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    Apr 2010
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    Default

    Quote Originally Posted by liam View Post
    You're assuming performance is the raison d'etre for btrfs, but the big gain would be in the snapshotting. You would no longer have unrecoverable systems due updates. You would be able to safely update your system from release to release without doing a reinstall (this doesn't mean the update would work but it would mean that it would be safe). These are ease of use features that would be fantastic to have and that's ignoring the data assurances it provides.
    No, I do not assume performance is the reason for btrfs, but the lack of performance will be its downfall. *I* don't care how magical the snapshot abilities are, I will not knowingly allow my performance to be sacrificed like that. Then again, I don't run beta distributions and do not have updates fail.

  8. #18
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    Sweden
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    Default

    Copying files shouldn't introduce latency in your desktop experience.
    It shouldn't but it has plagued the Linux desktop for years (not that Windows fares much better though) even though it has been highly improved over the years, or I have simply bought better hw over the years

    However I don't really think that we will find 100% of the problem in the kernel since I have never seen a server drop latency do to heavy I/O so perhaps our window managers access the disk more than they should and that is why is the cause of these latencies when there is high I/O. Or the I/O system gets completely clogged up so there can be no I/O over for keyboard and mouse (they are I/O operations as well).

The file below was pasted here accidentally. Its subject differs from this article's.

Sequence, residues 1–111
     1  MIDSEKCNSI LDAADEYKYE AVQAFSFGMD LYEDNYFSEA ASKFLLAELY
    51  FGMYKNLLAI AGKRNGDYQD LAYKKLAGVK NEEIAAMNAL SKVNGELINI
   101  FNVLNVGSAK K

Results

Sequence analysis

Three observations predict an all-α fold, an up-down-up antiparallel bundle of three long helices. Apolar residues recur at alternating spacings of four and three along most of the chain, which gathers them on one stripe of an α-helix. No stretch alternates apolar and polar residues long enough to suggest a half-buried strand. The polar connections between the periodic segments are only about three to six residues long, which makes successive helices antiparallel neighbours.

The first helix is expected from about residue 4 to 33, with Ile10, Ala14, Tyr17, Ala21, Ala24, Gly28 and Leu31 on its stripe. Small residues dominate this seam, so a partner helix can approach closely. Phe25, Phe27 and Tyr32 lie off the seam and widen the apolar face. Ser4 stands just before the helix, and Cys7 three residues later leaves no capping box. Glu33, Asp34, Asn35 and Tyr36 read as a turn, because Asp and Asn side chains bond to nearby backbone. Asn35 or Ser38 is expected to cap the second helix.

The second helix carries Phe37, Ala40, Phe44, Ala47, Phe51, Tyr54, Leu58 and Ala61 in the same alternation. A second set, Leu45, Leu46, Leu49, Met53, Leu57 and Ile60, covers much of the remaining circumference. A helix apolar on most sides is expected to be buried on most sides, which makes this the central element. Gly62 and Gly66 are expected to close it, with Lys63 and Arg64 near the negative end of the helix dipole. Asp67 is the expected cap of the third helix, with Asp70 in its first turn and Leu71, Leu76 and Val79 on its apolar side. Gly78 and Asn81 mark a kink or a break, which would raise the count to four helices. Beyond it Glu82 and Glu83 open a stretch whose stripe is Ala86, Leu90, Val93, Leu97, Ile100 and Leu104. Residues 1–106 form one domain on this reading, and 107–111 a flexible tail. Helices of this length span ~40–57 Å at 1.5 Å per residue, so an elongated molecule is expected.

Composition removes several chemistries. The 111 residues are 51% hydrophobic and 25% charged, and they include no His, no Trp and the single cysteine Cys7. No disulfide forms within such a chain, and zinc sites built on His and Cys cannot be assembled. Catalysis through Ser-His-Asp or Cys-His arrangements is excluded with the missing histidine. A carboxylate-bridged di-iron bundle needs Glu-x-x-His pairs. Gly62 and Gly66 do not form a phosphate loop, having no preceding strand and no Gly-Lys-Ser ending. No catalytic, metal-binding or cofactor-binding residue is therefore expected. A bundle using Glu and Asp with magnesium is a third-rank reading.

And this not that far fetched since we all remember the Firefox + ext3 fsync fiasco. Who would think before that that Firefox would have latencies due to disk activity...

  9. #19
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    Default EXT4, BTRFS, NTFS-3G & NTFS-W7 ... please.

    The supposedly superior EXT4 does not have encryption nor compression. NTFS-3G is not the same as NTFS-W7, but BTRFS is, with compression, file-permissions, multiple-dates, & encryption.

    Personally all my data & archive files are NTFS-W7 (which differs from previous versions of NTFS). Linux, which I use for most functions, most times, uses EXT4 partitions, but creates many incompatibilities with NTFS-W7: non-MS file names, multiple same-name files & seemingly rare & random write errors onto compressed NTFS-W7 partitions.

  10. #20
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    Default

    Quote Originally Posted by gregzeng View Post
    The supposedly superior EXT4 does not have encryption nor compression. NTFS-3G is not the same as NTFS-W7, but BTRFS is, with compression, file-permissions, multiple-dates, & encryption.

    Personally all my data & archive files are NTFS-W7 (which differs from previous versions of NTFS). Linux, which I use for most functions, most times, uses EXT4 partitions, but creates many incompatibilities with NTFS-W7: non-MS file names, multiple same-name files & seemingly rare & random write errors onto compressed NTFS-W7 partitions.
    Most of ext4's improvements were to make scaling better and improve performance while not changing TOO much code. The point was to be an incremental upgrade not breaking the bank to build fort knox (or whatever appropriate metaphor you like).
    Compression, presumably, would've forced more changes than T'so liked, and encryption is handled by a lower level system (in the nix tradition of "small" programs doing "small" tasks) that any fs (saving btrfs, at least) can take advantage of.